The Virgin and Child Enthroned, with Sts Crispus, Crispinianus and Jerome
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Reni's picture was originally painted for the Church of San. Prospero in Reggio Emilia, for the altar of the Arte de' Calzolari (Shoemakers' guild). It was removed by the Duke of Modena in 1680 and sold with his collection to the Elector of Saxony. It entered the Royal Collection, Dresden, in 1746.
Charles-François Hutin created drawings from the Royal Collection, that were then engraved by a number of artists for publication. Although Louis Surugue is generally attributed as one of the main engravers for the publication, this print of The Virgin and Child Enthroned, with Sts Crispus, Crispinianus and Jerome is signed with the initial P, so we must presume that his son Pierre-Louis assisted him with the project.
While St Crispus and St Crispianus have now been removed from the Catholic Calendar of Saints, as no evidence has been found to prove their existence, St Jerome is a common figure in Baroque art. He was one of the four Latin doctors of the Church along with Augustine of Hippo, Ambrose, and Pope Gregory I. He is traditionally portrayed dressed as a cardinal, or as in this work, as a half-clad anchorite, usually accompanied by a cross, skull and Bible. Writing materials and the trumpet of final judgment are also part of his iconography. He is the patron saint of librarians.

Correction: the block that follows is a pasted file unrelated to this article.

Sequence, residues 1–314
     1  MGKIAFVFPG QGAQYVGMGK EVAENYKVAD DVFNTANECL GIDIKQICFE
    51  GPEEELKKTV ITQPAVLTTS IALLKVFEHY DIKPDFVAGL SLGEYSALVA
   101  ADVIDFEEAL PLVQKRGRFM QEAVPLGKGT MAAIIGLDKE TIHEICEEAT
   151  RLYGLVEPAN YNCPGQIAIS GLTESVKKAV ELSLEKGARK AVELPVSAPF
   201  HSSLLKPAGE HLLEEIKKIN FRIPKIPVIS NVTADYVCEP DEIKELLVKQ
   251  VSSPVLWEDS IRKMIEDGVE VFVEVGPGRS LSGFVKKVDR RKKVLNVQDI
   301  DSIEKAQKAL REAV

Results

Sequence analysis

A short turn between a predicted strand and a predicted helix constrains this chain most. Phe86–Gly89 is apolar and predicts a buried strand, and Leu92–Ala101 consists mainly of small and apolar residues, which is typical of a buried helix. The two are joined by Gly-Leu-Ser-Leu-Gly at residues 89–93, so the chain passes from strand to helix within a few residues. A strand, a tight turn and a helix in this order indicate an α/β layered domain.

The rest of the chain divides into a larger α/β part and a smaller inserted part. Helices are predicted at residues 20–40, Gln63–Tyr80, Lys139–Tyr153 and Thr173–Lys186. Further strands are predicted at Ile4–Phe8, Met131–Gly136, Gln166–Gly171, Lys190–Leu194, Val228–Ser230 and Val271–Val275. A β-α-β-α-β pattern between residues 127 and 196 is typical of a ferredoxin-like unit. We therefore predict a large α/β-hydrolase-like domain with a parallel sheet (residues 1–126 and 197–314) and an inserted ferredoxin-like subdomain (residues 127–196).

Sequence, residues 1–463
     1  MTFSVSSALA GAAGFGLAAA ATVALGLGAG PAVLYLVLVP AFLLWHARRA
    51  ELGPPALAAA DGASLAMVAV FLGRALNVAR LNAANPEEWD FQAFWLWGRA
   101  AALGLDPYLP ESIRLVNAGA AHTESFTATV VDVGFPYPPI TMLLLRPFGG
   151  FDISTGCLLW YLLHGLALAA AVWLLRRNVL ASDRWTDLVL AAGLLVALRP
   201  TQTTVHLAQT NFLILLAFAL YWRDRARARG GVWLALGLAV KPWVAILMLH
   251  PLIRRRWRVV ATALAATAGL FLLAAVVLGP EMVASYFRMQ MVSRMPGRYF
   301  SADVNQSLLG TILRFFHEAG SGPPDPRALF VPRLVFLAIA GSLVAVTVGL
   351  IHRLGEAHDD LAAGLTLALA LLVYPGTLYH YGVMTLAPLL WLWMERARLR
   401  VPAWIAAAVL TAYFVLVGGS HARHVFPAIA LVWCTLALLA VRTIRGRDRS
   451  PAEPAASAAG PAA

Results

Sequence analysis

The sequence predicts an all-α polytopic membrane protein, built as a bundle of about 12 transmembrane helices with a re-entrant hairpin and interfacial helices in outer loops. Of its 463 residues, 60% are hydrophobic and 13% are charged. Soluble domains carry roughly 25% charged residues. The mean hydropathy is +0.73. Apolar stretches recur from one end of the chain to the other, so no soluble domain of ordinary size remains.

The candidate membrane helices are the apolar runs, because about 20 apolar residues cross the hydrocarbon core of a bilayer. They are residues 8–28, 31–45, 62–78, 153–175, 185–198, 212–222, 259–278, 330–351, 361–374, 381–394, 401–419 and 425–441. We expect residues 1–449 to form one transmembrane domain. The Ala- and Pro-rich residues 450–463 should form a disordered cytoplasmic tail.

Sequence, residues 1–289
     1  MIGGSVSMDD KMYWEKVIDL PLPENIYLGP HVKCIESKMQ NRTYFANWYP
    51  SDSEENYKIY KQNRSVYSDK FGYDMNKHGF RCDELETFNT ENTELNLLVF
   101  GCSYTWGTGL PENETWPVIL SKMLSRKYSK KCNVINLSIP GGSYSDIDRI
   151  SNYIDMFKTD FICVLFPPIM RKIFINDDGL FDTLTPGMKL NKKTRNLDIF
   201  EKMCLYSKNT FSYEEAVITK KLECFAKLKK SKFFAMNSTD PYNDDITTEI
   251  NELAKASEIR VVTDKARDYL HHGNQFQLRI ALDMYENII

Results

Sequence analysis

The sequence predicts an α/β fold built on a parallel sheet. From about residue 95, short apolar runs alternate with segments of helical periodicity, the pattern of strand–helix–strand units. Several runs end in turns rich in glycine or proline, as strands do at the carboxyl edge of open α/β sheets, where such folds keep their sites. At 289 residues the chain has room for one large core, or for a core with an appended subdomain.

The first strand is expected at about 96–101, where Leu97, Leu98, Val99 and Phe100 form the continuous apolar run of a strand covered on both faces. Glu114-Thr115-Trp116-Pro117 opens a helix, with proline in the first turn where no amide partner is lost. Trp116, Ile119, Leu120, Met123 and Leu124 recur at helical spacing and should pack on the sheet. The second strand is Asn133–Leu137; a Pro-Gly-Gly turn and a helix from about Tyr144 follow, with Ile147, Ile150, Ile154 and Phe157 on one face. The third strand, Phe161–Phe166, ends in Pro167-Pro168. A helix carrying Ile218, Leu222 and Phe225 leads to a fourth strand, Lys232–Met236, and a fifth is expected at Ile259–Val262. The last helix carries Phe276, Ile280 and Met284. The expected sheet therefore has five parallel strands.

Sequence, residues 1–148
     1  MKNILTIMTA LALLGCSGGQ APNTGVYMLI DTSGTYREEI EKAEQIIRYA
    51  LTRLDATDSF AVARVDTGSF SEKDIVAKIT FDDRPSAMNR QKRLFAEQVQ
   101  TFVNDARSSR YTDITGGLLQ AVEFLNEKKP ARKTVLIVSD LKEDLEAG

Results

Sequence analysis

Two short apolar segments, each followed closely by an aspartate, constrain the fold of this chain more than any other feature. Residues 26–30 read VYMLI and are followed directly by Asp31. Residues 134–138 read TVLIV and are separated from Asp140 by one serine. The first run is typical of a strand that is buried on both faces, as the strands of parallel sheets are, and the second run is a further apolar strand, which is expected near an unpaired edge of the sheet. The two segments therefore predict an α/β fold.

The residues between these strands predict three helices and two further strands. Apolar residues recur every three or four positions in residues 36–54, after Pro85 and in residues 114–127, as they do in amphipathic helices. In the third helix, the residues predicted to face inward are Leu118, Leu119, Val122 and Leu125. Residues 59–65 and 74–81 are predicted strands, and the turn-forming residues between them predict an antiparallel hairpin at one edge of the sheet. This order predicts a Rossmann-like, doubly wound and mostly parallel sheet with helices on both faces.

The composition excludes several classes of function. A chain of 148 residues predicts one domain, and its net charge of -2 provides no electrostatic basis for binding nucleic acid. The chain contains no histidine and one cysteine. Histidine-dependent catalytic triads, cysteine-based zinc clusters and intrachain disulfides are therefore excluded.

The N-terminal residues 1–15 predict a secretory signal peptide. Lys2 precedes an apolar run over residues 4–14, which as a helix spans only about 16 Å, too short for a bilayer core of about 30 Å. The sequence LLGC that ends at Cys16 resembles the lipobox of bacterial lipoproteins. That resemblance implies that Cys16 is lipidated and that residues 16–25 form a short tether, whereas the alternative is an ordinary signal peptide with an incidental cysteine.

- The Virgin and Child Enthroned, with Sts Crispus, Crispinianus and Jerome
- Production date
- engraving on paper
- 530 x 755 mm
- Credit line
- Auckland Art Gallery Toi o Tāmaki, transferred from Auckland City Libraries, bequest of Ian Madden, 2008
- Accession no
- No known copyright restrictions
- International Art
- Display status
- Not on display
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